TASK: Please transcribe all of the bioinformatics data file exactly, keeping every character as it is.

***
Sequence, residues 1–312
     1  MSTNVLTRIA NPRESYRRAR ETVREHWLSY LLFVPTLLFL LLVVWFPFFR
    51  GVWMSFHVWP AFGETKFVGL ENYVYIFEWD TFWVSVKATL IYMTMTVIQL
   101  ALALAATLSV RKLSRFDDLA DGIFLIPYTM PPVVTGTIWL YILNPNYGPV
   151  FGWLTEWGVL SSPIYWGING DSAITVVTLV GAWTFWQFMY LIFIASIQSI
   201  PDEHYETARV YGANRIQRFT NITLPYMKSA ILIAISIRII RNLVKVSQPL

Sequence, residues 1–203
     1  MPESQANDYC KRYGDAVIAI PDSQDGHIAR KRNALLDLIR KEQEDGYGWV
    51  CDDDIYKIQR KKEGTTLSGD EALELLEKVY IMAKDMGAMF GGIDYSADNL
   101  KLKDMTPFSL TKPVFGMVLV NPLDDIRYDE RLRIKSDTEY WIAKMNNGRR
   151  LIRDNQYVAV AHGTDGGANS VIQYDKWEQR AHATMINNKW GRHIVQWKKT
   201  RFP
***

Sequence, residues 1–312
     1  MSTNVLTRIA NPRESYRRAR ETVREHWLSY LLFVPTLLFL LLVVWFPFFR
    51  GVWMSFHVWP AFGETKFVGL ENYVYIFEWD TFWVSVKATL IYMTMTVIQL
   101  ALALAATLSV RKLSRFDDLA DGIFLIPYTM PPVVTGTIWL YILNPNYGPV
   151  FGWLTEWGVL SSPIYWGING DSAITVVTLV GAWTFWQFMY LIFIASIQSI
   201  PDEHYETARV YGANRIQRFT NITLPYMKSA ILIAISIRII RNLVKVSQPL

Sequence, residues 1–203
     1  MPESQANDYC KRYGDAVIAI PDSQDGHIAR KRNALLDLIR KEQEDGYGWV
    51  CDDDIYKIQR KKEGTTLSGD EALELLEKVY IMAKDMGAMF GGIDYSADNL
   101  KLKDMTPFSL TKPVFGMVLV NPLDDIRYDE RLRIKSDTEY WIAKMNNGRR
   151  LIRDNQYVAV AHGTDGGANS VIQYDKWEQR AHATMINNKW GRHIVQWKKT
   201  RFP